Said Halim Pasha: Aristocrat and philosopher

Published 27.12.2014 00:00
Updated 27.12.2014 02:16
Said Halim Pasha: Aristocrat and philosopher

Said Halim Pasha (1864-1921), an aristocratic statesman, received both Islamic and Western education and was a brilliant analyst of contemporary social problems

Islamism is a reactionary and populist ideology in general. The majority of Islamists come from the lower classes of society, and they tend to hold points of view that favor a return to a certain previous state. This previous state is often the Asr al-Saadah (Age of Felicity), taking as example the life and teachings of Prophet Muhammad. And the reaction is against Westernization, modernization, secularism and nationalism.

Rare Islamist thinkers have tried to make critical analyses of the social behaviors of their fellow Muslims concerning their reactions to problems. Sociological criticism has not been common among Islamists. Said Halim Pasha was a rare critic of the mentality of the Muslims of his age. He was a statesman of aristocratic origins, a very well educated man both in the Islamic and Western meanings of the word "education" and a brilliant analyst of the contemporary problems of Ottoman Muslims with regard to the material superiority of European states.

Life of an Ottoman aristocrat

Said Halim Pasha was born "Mehmed Said" on Feb. 19, 1864, as the son of Prince Halim Pasha, the youngest son of Kavalalı Mehmet Ali Pasha (the "Muhammad Ali of Egypt"). His grandfather was a successful Ottoman commander and self-declared "hedive" of Egypt, though an illiterate man. Mehmet Ali established a dynasty that ruled Egypt and Sudan until the Egyptian Revolution in 1952 and is seen as the true founder of modern Egypt because of his strict reforms concerning the military, the economy and culture.

Mehmet Ali Pasha wanted the males of his family to acquire the utmost education they could get. Thus, his sons and grandsons became well-educated statesmen of the time. Prince Halim, for instance, attended the General Staff school in France.

Meanwhile, Prince Halim moved his family to Istanbul since he had disputes with Hedive İsmail Pasha. The Ottoman State settled the family in a yalı in Baltalimanı, Istanbul.

Said Halim was taught Arabic, Persian, English and French from special tutors. After that, he and his little brother Abbas Halim were sent to Switzerland to get a higher education. Said Halim studied political science, while Abbas Halim, who also spoke several Eastern and Western languages, worked as the Public Works Minister in the cabinet established by Said Halim Pasha in 1913.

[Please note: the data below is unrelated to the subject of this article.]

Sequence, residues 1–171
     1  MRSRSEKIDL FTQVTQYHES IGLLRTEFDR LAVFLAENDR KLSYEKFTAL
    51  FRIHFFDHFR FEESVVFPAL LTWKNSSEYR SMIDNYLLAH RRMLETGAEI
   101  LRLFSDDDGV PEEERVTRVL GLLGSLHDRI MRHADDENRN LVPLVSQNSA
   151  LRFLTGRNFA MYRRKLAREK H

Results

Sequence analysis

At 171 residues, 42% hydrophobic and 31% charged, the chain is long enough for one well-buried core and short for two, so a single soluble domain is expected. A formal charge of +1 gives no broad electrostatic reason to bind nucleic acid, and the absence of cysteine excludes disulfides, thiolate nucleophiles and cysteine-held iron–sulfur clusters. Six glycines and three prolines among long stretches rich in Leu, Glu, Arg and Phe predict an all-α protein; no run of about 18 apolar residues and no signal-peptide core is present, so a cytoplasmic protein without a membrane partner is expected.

In 1888, Said Halim returned to Istanbul and was assigned to "Şura-i Devlet" (Council of State) membership by Sultan Abdülhamid II. He also was honored with several ranks and medals, including a Mirimiran (general rank given to non-military pashas), a "Mecidi" (in the name of Sultan Abdülmecit) plaque of the second-degree, an "Osmani" (Ottoman) plaque of the second-degree and an Osmani plaque of the first-degree. Abbas Halim was also assigned to the Council of State.

Though he worked as an aristocrat bureaucrat for the Abdülhamit II, Said Halim was not a great admirer of the sultan. He was discontented with the sultan like many of his peers. He called the sultan "the oppressor." And the sultan turned against him. He was investigated for treason; however, the inquisition yielded nothing, and Said Halim was not charged.

Said Halim Pasha Yalı

Said Halim had a yalı (mansion on the Bosporus) constructed for his family, which is now among the most precious private buildings in Istanbul and Turkey and named after the grand vizier. Historians record that the Said Halim Pasha Yalı was constructed after he became Rumeli Beylerbeyi (General Governor of the Ottoman State for the European provinces).

The pasha was an intellectual statesman. He collected countless manuscripts in all three major languages of Islam, namely Arabic, Turkish and Persian. He had a library full of European books and spoke the languages too. He was said to be a good reader. History and humanities were his main areas of interest.

Said Halim was also an art collector. He gathered many Islamic works in his yalı. He was fond of music and collected musical manuscripts, too.

Exile and return

Eventually, Said and his brother Abbas were exiled to Egypt in spite of their innocence. There is no evidence that he had a connection with İttihat-Terakki Cemiyeti (Union and Progress Association) members while he was in Turkey. The two brothers contacted İttihat-Terakki members in Europe. They provided help to the Young Turks in both monetary and philosophical aspects.